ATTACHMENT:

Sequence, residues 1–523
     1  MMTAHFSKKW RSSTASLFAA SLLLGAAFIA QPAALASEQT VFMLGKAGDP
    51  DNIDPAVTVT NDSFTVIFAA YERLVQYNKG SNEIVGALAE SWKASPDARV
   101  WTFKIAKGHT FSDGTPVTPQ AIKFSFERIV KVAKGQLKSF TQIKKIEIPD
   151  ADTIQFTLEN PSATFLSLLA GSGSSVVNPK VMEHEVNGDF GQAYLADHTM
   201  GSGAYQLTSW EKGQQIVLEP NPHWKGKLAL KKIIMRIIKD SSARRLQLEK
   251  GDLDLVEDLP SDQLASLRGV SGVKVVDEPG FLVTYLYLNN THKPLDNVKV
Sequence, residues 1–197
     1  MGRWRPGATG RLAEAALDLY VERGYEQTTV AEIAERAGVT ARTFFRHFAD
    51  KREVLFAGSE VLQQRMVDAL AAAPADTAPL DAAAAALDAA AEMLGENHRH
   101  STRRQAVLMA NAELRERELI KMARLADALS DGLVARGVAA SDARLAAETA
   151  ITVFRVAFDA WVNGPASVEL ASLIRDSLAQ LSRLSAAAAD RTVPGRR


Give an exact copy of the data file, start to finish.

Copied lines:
Sequence, residues 1–523
     1  MMTAHFSKKW RSSTASLFAA SLLLGAAFIA QPAALASEQT VFMLGKAGDP
    51  DNIDPAVTVT NDSFTVIFAA YERLVQYNKG SNEIVGALAE SWKASPDARV
   101  WTFKIAKGHT FSDGTPVTPQ AIKFSFERIV KVAKGQLKSF TQIKKIEIPD
   151  ADTIQFTLEN PSATFLSLLA GSGSSVVNPK VMEHEVNGDF GQAYLADHTM
   201  GSGAYQLTSW EKGQQIVLEP NPHWKGKLAL KKIIMRIIKD SSARRLQLEK
   251  GDLDLVEDLP SDQLASLRGV SGVKVVDEPG FLVTYLYLNN THKPLDNVKV
Sequence, residues 1–197
     1  MGRWRPGATG RLAEAALDLY VERGYEQTTV AEIAERAGVT ARTFFRHFAD
    51  KREVLFAGSE VLQQRMVDAL AAAPADTAPL DAAAAALDAA AEMLGENHRH
   101  STRRQAVLMA NAELRERELI KMARLADALS DGLVARGVAA SDARLAAETA
   151  ITVFRVAFDA WVNGPASVEL ASLIRDSLAQ LSRLSAAAAD RTVPGRR